The single best piece of career advice I ever received was from my former boss. At least, I remember it being from him. It could have been from a book as well. (If you know which book this comes from, leave me a note in the comments, okay?) But let’s assume it was my boss. His advice was that you should figure out what that one thing is that you would be willing to do every day, even without pay. Then you figure out a way to make money with it. Of course then I quit to try and follow his advice, so I’m pretty sure he regretted giving it to me 😉
Loving what you do is attainable for anyone. It pretty much comes down to attitude. You can choose to learn to love a job. Sometimes that’s hard and you might even decide it’s not worth the effort, learning to love it. That was the case with me and teaching. I couldn’t get myself to learn to love it. For me the effort required was more than it was worth. But it is possible. If I think of the number of people I’ve met in menial jobs they couldn’t possibly have chosen, but who do those jobs with a commitment and passion that puts me to shame, then anyone can learn to love any job. It only depends on how much you need to learn that love.
Doing what you love is a whole different kettle of fish. To start with you have to figure out what you love. That’s not as simple as it sounds. Some people discover their passion early in life. They know from a young age what moves them. Others, like me, spend most of their lives knowing they’re supposed to love something, but never quite figuring out what that something is. For us it’s hit-or-miss.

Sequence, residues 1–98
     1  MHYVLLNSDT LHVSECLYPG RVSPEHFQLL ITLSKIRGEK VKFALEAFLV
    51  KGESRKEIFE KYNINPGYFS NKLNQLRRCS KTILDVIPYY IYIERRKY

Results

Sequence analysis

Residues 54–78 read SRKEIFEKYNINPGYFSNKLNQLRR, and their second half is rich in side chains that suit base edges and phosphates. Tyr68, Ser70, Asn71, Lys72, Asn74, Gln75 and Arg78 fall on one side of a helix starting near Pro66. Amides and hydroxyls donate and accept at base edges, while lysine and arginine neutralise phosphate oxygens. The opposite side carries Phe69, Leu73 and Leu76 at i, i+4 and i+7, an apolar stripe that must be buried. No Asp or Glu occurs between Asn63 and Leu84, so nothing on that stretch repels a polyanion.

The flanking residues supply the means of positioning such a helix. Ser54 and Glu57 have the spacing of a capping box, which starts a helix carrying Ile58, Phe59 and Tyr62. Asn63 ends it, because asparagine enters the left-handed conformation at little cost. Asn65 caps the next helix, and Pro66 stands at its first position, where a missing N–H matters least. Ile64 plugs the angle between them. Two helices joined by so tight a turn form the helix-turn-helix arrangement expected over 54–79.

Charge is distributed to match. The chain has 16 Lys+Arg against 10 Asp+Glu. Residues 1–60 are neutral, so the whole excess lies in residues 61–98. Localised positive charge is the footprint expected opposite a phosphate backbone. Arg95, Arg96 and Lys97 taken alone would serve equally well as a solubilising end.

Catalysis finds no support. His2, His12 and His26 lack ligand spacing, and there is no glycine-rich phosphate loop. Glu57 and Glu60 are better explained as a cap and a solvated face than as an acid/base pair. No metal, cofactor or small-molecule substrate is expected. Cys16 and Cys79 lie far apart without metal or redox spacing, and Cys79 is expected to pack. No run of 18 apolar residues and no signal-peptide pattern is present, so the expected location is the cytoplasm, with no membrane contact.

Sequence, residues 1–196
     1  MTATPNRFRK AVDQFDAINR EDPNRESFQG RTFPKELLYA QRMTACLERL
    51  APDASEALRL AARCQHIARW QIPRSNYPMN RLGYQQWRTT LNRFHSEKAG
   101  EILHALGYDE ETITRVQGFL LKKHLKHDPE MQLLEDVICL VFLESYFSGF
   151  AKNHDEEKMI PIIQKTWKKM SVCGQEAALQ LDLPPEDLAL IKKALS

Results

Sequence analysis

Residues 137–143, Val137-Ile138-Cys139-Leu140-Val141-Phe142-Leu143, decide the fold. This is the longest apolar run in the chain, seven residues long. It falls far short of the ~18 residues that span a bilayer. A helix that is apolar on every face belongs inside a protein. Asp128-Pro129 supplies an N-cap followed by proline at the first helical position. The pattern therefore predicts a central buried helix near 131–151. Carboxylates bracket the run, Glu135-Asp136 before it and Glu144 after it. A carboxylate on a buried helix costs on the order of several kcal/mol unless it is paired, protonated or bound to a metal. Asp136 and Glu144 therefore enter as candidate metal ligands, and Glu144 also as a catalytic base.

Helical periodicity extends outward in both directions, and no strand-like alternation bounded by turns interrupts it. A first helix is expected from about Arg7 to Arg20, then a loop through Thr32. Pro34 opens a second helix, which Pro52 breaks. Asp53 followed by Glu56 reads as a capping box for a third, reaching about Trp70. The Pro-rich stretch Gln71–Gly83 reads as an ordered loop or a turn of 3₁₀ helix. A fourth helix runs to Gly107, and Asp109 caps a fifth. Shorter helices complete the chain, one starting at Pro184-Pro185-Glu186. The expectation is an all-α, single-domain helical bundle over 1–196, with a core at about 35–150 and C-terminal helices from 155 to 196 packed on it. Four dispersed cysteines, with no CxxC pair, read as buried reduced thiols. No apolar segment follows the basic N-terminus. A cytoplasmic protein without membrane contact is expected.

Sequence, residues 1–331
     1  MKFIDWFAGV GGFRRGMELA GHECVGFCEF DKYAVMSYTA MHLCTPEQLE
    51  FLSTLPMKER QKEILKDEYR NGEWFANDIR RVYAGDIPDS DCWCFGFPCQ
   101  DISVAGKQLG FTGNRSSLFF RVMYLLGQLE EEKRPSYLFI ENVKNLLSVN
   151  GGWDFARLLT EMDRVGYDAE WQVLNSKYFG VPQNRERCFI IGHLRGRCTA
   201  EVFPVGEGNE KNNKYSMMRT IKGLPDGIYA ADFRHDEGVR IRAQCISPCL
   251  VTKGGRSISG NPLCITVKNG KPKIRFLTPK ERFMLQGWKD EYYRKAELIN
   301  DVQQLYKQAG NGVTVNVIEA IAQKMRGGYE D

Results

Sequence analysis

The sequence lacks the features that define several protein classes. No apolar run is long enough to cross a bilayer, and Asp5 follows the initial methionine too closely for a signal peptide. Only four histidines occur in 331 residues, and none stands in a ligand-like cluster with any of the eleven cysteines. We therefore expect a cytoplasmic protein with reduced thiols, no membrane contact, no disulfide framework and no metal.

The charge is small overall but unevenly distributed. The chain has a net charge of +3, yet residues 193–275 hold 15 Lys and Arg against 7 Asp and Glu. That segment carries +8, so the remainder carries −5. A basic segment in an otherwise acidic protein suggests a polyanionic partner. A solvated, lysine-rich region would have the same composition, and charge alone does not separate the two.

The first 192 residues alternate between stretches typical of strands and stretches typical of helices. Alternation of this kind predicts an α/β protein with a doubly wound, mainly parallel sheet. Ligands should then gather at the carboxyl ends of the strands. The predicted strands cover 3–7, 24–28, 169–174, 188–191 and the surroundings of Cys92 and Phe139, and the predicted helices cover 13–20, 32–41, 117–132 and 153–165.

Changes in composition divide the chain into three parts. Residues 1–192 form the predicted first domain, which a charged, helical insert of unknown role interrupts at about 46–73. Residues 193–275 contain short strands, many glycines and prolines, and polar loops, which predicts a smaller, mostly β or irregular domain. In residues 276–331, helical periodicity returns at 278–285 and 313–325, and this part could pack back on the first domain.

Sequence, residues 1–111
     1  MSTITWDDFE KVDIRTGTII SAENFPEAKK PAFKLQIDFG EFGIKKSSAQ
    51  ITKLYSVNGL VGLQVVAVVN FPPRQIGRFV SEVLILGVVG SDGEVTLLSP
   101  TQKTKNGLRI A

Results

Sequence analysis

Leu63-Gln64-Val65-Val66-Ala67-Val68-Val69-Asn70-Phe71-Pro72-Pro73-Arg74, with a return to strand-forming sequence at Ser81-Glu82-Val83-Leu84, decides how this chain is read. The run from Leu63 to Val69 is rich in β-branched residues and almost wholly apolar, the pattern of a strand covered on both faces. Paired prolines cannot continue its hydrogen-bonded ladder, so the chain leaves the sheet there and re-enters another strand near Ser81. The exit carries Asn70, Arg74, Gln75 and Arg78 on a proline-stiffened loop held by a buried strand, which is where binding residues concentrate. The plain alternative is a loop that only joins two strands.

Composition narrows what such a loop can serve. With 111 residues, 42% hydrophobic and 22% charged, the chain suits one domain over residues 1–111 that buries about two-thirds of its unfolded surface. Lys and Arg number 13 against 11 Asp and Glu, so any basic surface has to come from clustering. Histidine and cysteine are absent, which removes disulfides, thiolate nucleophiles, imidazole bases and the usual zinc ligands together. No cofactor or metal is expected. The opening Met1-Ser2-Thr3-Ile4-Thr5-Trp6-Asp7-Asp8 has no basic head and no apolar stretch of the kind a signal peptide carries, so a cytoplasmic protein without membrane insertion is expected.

Once you figure out what it is you love (or at least pick something to give a try) the challenge is to start doing it and get good enough at it so you can actually make a living from it. That’s a lot of pressure because getting good at something takes consistent hard work, no matter how talented you are.
You start doing what you love because you must, and that ruins it. You start to push yourself, striving for perfection, eyeing the competition. You’re never satisfied with your work, it’s never good enough. Your work, your art, that thing you love, becomes a chore.
Gigi, from Anchor it down, summed it up very well in her comment on my previous post: “I used to have phases of hating what I thought I loved doing.”
I’m in a phase like that now. Writing is a chore. Just churning out this blog post each day takes monumental effort. I haven’t even looked at my novel in days. I’ve started two short stories and gave up, frustrated, a few hundred words in. My studies are not going much better and I’m not even managing to focus on the new book I’ve started reading (Firestarter by Stephen King – how distracted must you be if you can’t focus on a SK novel?).
But it’s a phase. And phases pass. If there’s one thing worth pushing through for it is doing the thing you love. I’m not sure if I really love writing, but it’s definitely something I can learn to love. I shall push through or go insane doing it.
I want to finish with a quote from the essay Fail Safe by Debbie Millman as a bit of encouragement for myself and, perhaps, for you reading this:
“If you imagine less, less will be what you undoubtedly deserve. Do what you love, and don’t stop until you get what you love. Work as hard as you can, imagine immensities, don’t compromise, and don’t waste time. Start now. Not 20 years from now, not two weeks from now. Now.”